One common problem, if you are using a map on a long trip, is keeping it in good condition. Constant opening, folding, stowing and reopening all inevitably damage the map. Then there is the rain, wind and other conditions that can destroy it in minutes. After a couple of days, the map ends up in four or five pieces, damaged and degraded.
About 8 Overland Track trips ago, to save pack weight, we scanned and colour printed the maps for each day from John Chapman’s Overland Track book. Sue then laminated them and they have lasted very well for every trip. In fact, they are still in great condition.
This week Frank heads off on the first of 14 trips planned for the Great Ocean Walk between October and May. One map will not survive that many trips, so laminating sections of it is the best solution.
The Great Ocean Walk Map produced by Parks Victoria is a ripper. Set at 1:25,000 it is incredibly detailed and contains many notes, pieces of information, highlights and advice. This is great stuff but not all relevant if you just want to use the map, well as a map! It is a handy thing to take en route to show clients where they are, judge relative distances and where pick up and drop off points are located.
The “process” we followed:
- You do need access to a scanner and colour printer. We upgraded recently to a very simple HP unit.
- Look at the whole map and, using a piece of blank A4 paper, work out the areas on the map that will be scanned on each pass.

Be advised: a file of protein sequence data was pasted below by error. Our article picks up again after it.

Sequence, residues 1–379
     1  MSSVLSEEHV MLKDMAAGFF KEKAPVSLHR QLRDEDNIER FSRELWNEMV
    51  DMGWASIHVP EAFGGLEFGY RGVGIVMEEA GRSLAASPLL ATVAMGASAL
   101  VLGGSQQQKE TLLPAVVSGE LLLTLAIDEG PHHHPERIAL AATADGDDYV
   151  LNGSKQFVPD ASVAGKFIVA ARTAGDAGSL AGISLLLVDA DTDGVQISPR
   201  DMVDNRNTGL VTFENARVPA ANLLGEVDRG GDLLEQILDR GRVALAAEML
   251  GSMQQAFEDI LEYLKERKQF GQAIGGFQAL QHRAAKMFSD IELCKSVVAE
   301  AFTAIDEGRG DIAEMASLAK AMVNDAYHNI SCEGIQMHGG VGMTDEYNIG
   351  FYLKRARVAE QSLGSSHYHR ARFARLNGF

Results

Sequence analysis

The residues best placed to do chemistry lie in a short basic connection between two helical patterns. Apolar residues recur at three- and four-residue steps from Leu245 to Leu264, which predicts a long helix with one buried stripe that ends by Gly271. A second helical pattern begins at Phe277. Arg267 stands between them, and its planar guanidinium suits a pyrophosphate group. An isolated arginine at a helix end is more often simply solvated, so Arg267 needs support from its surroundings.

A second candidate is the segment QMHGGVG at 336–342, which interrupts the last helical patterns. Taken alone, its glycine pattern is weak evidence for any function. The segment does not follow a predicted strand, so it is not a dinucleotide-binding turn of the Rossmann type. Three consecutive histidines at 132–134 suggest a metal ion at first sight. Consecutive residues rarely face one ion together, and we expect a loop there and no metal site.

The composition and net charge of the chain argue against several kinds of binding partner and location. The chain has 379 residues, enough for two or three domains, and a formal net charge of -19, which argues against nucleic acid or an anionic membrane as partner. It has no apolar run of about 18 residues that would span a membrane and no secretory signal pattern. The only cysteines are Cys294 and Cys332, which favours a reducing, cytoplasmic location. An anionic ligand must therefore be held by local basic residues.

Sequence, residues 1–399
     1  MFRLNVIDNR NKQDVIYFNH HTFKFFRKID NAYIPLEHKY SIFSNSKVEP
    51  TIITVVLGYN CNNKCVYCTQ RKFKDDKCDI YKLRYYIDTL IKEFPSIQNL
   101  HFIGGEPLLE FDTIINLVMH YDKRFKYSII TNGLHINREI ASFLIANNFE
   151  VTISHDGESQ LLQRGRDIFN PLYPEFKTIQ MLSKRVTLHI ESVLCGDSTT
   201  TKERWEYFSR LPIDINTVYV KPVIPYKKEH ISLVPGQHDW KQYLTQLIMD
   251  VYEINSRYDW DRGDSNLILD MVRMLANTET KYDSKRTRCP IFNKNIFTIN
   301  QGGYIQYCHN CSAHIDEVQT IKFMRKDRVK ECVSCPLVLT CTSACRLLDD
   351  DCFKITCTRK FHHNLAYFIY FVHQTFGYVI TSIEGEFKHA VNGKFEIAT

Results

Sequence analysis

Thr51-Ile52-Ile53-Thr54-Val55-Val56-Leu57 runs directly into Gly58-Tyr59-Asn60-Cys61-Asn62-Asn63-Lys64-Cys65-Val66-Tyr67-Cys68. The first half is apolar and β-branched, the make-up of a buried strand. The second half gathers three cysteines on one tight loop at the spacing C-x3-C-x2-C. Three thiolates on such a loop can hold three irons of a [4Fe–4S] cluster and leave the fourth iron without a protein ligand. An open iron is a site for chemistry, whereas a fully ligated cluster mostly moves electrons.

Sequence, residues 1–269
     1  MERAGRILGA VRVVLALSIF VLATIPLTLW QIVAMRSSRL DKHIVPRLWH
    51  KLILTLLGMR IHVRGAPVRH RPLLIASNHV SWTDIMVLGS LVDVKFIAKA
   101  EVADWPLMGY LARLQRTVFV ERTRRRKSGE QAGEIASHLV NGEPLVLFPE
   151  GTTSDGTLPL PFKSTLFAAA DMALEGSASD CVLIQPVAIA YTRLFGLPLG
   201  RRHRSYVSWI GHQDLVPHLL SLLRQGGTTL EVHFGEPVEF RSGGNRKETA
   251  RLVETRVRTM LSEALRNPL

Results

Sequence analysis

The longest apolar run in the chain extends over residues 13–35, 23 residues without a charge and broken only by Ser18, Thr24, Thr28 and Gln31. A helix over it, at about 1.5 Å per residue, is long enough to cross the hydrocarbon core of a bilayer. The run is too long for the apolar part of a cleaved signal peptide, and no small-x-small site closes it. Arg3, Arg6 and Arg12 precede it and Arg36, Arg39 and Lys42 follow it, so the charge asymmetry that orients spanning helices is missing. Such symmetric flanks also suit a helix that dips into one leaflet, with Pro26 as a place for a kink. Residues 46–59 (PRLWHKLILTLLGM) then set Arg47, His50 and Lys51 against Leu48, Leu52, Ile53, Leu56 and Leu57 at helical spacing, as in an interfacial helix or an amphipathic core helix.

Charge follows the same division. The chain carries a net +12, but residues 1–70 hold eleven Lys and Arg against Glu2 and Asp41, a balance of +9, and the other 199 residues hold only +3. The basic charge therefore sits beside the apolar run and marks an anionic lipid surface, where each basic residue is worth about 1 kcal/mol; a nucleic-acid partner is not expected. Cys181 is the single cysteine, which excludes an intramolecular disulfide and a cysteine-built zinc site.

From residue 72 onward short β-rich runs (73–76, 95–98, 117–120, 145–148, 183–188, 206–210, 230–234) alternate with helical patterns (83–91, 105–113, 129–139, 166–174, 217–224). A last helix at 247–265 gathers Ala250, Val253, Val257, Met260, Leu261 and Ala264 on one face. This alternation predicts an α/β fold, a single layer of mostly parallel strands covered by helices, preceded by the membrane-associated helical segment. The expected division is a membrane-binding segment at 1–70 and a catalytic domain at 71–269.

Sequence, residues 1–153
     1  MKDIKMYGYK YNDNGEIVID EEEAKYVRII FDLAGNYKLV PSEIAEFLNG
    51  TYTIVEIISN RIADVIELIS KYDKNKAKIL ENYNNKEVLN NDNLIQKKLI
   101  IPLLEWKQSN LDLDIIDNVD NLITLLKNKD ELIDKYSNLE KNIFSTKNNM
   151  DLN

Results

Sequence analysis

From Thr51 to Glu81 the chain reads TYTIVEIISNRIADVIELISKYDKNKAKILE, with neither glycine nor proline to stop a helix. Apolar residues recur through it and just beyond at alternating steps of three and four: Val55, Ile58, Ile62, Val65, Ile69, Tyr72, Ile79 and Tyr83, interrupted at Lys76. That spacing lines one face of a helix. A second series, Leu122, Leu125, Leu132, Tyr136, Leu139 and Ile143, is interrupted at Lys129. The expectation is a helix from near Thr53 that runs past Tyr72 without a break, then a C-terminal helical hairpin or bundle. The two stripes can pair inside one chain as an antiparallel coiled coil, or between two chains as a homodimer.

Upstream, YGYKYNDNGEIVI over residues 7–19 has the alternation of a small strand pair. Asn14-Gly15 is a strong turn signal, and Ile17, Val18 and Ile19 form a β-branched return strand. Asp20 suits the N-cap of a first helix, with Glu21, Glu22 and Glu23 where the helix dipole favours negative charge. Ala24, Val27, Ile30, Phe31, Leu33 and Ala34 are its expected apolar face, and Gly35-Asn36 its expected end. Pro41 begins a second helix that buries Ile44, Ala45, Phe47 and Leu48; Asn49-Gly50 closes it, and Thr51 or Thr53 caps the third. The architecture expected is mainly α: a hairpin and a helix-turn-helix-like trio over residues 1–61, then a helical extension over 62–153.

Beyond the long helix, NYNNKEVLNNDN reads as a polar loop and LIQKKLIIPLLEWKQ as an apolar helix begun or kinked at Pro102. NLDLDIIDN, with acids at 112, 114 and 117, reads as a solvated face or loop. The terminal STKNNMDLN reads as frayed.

- We just focused on “the track” part of the map i.e. where we are actually walking
- The GOW map is large so we needed 10 sections
- Carefully fold the map so the relevant section is about A4 size and scan it. We used a higher resolution (dpi) than normal to get a good copy.
- Save the file as a .jpg (picture file) for simplicity
- Double check you have all the track covered, trying to overlap slightly the edge of each section
- Print out the m,aps. We used colour but black and while works just as well.
You now need a Laminator. We picked up one at Officeworks but they are commonly available at stationers or Aldi, for example.
The process is quite simple, Sue is the expert here. Just feed it through the machine. We did trim a few millimetres off one side and the end so there was a wider seal than normal. Hopefully this will increase the durability and reduce the potential for delaminating.
We laminated the sheets “back to back” , 2 map sections per page. This resulted in 5 sheets for the whole walk.
Because these trips are based off track and use shuttles to different points on the GOW each day, Frank only needs to take the relevant section of map for that day’s walking. The original map will be used for briefings and only really opened once a day.
What do you do with your maps? Take the original, take a photocopy?
Have you tried laminating sections? How did it work out for you?